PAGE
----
It’s always pleasing to see rally drivers clock in their best World Rally Championship result to date on their rise to the top, but it’s extremely gratifying when it’s a character as infectious as Sean Johnston who’s just achieved it.
He and co-driver Alex Kihurani brought their Saintéloc Racing Citroën C3 Rally2 to the end of last weekend’s Monte Carlo Rally in 11th overall and fourth in WRC2. It was quite clearly their best WRC performance to date, and Johnston wasn’t about to disagree.
“I’m certainly feeling like my expectations for the weekend were exceeded,” he tells DirtFish.
“There was always a part of me that hoped if we had a good, clean event and drove smart that we’d be able to do a top-five result. But to then finish with some really promising stage times as well and some really fast splits – even though we haven’t quite brought a string of these kinds of splits together into a whole stage performance yet – it’s certainly the most competitive that we have ever been in this equipment.
“I’m really proud of our collective performance and I think it’s a good step in the right direction for us.”
The Monte has always been a special event for any driver but Johnston has a particularly close affiliation with it as he claimed his first-ever class win on a rally in 2020 with a Peugeot 208 R2.
“And for me being a mountain kid to be rallying up in these gorgeous mountains in the French Alps, I love it,” he added.
But despite its alluring nature, the Monte can bite. It’s one of the toughest events on rallying’s global tour and yet Johnston followed the Monte-specific advice from Raimund Baumschlager – “sometimes you have to have the courage to go slow” – and produced a “smart” performance that was also pleasingly quick.
“Last year we finished the rally 13 minutes off the lead and over three seconds per kilometer slower than the leader,” Johnston says, comparing his times to WRC2 winner Andreas Mikkelsen who drove the same Škoda Fabia Rally2 evo to victory in 2021 and ’22.
“This year we finished three minutes off the lead with only six tenths of a second per kilometer deficit. For me that’s the most important metric to look at. That’s the most promising thing, as we only really had Rally Spain as the one Tarmac experience in between Monte Carlo last year and this year.
“It’s a fun and inspiring data point for me given the ultimate lack of experience with this car on Tarmac, so we made a very, very big and good step forward.”
There were changes behind the scenes though that provided an additional challenge for Johnston and Kihurani to overcome. Working with a new engineer and a new route note crew with neither Leonid ‘Crazy Leo’ Urlichich nor Michael Gilbey able to make it meant plenty of adaption had to be done.
“We had a really good test. Looking at the sunny forecast for the rally, it felt like we had representative conditions and took the right approach,” Kihurani explains.
“We knew our speed was quite close to our team-mate [Eric Camilli], and we felt like we really had a great car, a great set-up and a great relationship with our new engineer Lewis Allen – who worked with Mads Østberg last year and is very familiar with the Citroën and making it go fast. We really felt like we could be a bit more competitive than we were before.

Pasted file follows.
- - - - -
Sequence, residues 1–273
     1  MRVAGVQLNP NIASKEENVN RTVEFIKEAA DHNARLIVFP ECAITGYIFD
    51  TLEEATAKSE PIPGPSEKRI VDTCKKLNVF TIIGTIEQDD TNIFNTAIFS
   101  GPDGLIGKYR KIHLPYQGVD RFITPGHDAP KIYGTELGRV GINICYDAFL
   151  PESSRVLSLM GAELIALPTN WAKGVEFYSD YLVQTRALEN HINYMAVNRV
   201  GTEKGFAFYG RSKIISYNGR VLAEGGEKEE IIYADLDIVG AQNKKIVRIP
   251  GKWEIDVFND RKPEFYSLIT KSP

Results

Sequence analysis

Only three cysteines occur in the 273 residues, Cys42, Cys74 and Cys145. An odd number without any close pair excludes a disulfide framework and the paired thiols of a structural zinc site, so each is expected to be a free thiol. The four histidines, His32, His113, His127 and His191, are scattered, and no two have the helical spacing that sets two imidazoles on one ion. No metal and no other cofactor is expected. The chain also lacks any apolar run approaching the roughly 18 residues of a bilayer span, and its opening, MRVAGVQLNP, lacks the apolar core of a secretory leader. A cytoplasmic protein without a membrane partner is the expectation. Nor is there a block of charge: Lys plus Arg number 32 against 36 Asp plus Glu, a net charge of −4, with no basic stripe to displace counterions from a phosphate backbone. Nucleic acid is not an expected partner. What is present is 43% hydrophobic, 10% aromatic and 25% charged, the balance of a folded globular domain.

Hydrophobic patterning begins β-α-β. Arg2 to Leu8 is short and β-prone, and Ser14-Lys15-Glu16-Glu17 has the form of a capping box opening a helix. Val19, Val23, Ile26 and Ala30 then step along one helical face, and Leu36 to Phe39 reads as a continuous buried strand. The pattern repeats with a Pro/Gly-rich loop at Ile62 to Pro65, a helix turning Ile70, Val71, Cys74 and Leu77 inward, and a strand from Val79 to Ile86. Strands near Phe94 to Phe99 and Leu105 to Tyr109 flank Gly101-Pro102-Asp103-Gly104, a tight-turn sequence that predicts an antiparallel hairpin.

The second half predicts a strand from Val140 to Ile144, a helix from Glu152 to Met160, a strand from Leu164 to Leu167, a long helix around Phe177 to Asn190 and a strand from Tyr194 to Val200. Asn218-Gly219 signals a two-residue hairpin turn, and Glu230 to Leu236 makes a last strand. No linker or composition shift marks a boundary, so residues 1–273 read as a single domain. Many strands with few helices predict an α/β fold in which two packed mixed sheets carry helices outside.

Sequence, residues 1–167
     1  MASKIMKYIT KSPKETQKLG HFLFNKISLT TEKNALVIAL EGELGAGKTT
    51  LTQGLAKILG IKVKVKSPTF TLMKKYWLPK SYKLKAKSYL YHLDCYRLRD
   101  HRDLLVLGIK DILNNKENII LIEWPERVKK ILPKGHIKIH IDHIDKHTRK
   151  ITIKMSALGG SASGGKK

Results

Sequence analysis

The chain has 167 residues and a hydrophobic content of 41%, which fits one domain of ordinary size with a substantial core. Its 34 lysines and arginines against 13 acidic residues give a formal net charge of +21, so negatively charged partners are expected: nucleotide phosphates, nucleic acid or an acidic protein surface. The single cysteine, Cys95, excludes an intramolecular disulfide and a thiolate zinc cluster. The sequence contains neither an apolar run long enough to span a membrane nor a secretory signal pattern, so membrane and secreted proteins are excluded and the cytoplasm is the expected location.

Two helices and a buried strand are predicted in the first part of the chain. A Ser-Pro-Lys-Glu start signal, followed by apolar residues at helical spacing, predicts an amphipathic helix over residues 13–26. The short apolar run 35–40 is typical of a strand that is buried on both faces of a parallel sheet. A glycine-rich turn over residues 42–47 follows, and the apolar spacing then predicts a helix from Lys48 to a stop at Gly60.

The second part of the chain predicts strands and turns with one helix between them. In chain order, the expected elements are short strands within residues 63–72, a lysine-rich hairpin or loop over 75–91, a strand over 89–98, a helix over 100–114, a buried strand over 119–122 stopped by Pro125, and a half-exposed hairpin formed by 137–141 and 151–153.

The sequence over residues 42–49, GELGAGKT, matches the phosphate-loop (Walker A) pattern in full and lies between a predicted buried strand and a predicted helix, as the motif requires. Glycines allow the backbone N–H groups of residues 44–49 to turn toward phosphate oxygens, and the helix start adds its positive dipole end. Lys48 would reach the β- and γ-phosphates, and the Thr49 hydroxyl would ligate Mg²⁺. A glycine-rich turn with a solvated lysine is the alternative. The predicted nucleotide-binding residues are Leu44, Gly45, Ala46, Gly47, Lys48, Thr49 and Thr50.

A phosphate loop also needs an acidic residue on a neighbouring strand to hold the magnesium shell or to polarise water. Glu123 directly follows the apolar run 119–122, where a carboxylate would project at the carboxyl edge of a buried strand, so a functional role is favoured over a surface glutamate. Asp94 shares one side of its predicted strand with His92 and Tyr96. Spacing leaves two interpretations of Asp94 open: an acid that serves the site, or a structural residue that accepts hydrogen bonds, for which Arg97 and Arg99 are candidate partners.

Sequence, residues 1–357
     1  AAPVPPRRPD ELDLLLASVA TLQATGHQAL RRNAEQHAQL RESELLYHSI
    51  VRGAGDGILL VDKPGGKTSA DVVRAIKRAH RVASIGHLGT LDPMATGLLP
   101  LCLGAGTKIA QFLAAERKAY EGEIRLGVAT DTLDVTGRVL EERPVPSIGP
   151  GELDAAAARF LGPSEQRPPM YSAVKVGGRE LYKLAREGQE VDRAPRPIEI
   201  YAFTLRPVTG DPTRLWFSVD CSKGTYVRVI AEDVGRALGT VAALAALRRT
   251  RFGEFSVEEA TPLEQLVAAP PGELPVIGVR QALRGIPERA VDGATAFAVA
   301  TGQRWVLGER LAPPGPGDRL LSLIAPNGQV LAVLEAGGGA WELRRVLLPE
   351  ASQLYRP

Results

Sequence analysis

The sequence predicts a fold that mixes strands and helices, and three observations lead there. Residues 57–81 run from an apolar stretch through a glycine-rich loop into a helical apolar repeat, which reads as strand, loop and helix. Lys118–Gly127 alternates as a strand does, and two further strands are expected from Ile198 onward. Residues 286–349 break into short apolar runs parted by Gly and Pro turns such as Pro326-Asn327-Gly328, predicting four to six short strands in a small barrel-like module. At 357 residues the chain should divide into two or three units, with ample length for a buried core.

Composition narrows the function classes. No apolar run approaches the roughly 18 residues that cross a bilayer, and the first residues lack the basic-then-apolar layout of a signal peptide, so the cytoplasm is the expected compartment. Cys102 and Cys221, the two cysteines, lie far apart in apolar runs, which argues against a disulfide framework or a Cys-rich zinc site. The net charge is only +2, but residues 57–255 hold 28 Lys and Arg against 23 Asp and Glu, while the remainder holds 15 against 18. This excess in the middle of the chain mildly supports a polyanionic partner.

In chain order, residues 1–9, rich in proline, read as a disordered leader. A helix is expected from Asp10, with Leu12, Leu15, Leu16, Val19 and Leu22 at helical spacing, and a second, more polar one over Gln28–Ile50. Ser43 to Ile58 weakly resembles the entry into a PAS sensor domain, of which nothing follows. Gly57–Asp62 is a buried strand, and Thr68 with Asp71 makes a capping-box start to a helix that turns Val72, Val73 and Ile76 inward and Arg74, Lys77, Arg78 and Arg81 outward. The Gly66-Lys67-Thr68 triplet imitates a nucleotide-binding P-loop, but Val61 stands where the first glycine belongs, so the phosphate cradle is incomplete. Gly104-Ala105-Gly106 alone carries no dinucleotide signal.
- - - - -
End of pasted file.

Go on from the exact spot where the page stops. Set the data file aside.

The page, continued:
“But we also had a lot of stress coming into the event with an entirely new route note crew and a new engineer as I mentioned. Jon Armstrong joined us with only a week-and-a-half’s notice and Gilbey had to cancel the day before he was supposed to fly.
“Fortunately, we found Cameron [Fair] who did an amazing job on one day’s notice, but there was a lot of uncertainty as we had never even spoken to each other before.”
“I’d never met him before but James Morgan recommended him and he took to our fruity notes very quickly, and anything I did want to change it was immediately done and remembered for the next time. Both Jon and Cam did a great job, especially as it was their first time doing this role.
“However before the event it did leave us thinking ‘we have this whole new crew and team to try and integrate at the most difficult event and all-new stages where we’re not able to leverage our experience as much, is it going to be a big challenge? And with it being drier, is it just going to be a sprint with very little attrition like Spain?’
“But that wasn’t the case at all and we ended up having good pace and also being able to stay out of trouble. It worked very, very well with our new team members.”
After such a promising start to the season, efforts are now focused on raising budget to complete the rest of the planned WRC2 program. And of course, recording a personal best WRC result is “good ammunition for that challenge of raising more money” as Johnston explains.
“Most signs are pointing to Portugal being the next event for us. There’s been a change in the agreement with my sponsor so at the moment we’re not certain that we’ll have the budget to do all seven rounds this year, but we’re hopeful that at least we’re going to have enough to do six European rounds. But Alex and I aren’t letting this update change anything for us.
“We’re pushing full-speed ahead and we really feel, especially after the result in Monte, that we belong in WRC2 and that it’s the right place for us to be competing. So now it’s just a matter of fighting and busting our asses to raise the money to make the rest of the season happen the way we want to see it.”
“This year is sort of going to be a two-pronged approach: focusing on the sporting side as well as the commercial side and figuring out how we can keep this program going into 2023 as well as it’s feeling like now we’re finally getting to the point where the pieces are starting to fall together and we’re able to show the first glimpses of what we’re capable of.
“We’re absolutely pushing! Giving up is not an option for me, so we’re going for it.”